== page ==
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CNY school district one of 27 groups nationwide recognized for math, science programs

Lauren Long |

By Kayli Thompson | Contributing writer

East Syracuse Minoa high school students are getting hands-on research 
experience at a wastewater treatment plant.

ESM middle school students are using Legos to learn how to build Marsrovers.
Elementary students in the district are learning about the science of farming. 
The East Syracuse Minoa school district was recently one of 27 schools and groups nationally recognized for their science, technology, engineering and mathematics programs.

The district was selected for the way it works both in and outside the classroom with community and business groups so that students can see how what they learn applies to the real world, according to ESM Superintendent Donna DeSiato.

President Barack Obama announced the 27 schools and groups at the White House on Oct. 19 during an astronomy night that brought together students, teachers, astronomers, engineers and scientists to stargaze from the south lawn. The district will receive a $10,000 grant from a network of foundations as well as money to travel to meetings in Washington, D.C.

DeSiato said the district was invited to apply, along with 75 to 100 other 
community groups, by the STEM Funders Network, a group of foundations 
working to improve science, technology, engineer and math (STEM) education.

ESM has focused on improving its STEM education for about six years across 
many grades, school officials said. The students often work with groups outside the schools, DeSiato said.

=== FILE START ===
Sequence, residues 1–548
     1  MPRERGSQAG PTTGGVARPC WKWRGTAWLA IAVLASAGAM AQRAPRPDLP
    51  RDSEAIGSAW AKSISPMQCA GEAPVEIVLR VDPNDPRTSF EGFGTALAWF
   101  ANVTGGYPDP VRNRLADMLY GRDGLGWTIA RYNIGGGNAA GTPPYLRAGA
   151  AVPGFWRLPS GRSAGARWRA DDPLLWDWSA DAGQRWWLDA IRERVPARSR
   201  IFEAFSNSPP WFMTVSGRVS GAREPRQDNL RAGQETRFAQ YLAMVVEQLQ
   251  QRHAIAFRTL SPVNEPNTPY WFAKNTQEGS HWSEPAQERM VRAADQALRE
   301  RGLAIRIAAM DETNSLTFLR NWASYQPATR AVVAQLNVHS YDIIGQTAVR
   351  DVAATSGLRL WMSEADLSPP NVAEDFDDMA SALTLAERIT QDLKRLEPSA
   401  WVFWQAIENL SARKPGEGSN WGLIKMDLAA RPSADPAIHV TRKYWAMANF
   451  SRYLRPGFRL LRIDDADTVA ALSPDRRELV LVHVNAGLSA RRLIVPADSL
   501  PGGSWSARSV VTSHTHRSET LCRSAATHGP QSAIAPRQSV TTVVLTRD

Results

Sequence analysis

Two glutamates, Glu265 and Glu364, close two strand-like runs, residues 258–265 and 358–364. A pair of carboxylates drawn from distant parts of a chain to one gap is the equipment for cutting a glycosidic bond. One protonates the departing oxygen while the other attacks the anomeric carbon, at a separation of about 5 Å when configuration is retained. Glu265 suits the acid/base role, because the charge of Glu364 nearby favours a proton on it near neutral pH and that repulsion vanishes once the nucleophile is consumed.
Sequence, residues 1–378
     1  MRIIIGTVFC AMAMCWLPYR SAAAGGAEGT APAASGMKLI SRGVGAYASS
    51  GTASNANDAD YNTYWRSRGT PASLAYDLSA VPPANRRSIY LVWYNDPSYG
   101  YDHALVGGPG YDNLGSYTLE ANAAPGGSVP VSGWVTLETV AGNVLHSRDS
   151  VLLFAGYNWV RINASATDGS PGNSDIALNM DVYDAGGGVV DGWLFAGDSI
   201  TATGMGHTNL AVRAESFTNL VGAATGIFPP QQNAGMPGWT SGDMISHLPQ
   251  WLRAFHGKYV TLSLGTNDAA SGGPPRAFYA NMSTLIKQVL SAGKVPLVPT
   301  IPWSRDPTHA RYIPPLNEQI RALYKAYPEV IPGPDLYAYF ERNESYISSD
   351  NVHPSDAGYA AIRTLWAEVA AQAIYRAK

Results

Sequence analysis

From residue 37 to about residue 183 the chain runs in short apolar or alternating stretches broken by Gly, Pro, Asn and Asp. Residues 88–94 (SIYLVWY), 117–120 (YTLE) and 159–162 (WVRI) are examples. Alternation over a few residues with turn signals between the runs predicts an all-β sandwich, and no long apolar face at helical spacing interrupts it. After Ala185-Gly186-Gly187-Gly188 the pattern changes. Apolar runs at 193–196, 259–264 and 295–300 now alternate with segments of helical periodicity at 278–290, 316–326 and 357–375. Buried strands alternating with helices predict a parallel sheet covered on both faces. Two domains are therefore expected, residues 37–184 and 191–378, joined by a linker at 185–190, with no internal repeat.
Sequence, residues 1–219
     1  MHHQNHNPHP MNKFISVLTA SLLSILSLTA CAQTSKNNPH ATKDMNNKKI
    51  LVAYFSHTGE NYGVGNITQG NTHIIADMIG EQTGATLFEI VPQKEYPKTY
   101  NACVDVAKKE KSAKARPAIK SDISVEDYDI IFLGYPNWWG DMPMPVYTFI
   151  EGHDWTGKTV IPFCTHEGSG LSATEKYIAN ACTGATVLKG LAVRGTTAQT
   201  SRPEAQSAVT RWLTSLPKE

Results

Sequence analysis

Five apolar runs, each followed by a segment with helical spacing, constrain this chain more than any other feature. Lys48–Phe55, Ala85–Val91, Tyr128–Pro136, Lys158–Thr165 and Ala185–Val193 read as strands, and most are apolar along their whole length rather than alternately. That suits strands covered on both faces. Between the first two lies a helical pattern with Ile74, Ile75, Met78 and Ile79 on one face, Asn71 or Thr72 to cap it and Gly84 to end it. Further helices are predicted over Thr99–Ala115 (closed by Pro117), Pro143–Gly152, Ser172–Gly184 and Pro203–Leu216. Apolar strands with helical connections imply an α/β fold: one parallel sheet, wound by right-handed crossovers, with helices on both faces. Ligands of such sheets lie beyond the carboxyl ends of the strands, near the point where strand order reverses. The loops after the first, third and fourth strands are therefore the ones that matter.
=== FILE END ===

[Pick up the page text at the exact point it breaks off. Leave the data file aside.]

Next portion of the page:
Pamela Herrington, who teaches science classes including a college-level course at the high school, works with students on projects at the Minoa wastewater treatment plant. They learn about reducing the use of fossil fuels, using less energy and what it takes to produce clean water.

Herrington said the student-led research helps them learn why research, accuracy and properly communicating the data are important. At the end of their class, they present their findings at an Environmental Summit, a science symposium organized by the State University of New York College of Environmental Science and Forestry.

The summit gives the students confidence and makes them feel empowered, 
Herrington said. She said she wishes there were more opportunities for students to gain that confidence because it affects how they view their life and career goals.

Other ESM students, overseen by a seven-teacher team, are learning how to build Mars rovers using Lego robotics.

The students video conference with engineers at NASA to ask questions and get the help they need, said Jason Fahy, an eighth grade science teacher.

"That link motivates kids and gets them to see the possibilities of their future," Fahy said.

ESM elementary students also are learning about engineering and science and how to apply it in the real world. Christy Fahey, a math and science inquiry support elementary teacher, is teaching second graders about farming or agriculture engineering. Students ask a question about something they want to know, imagine it, plan how to do it then create it.

"Kids are naturally curious, they're natural engineers," Fahey said.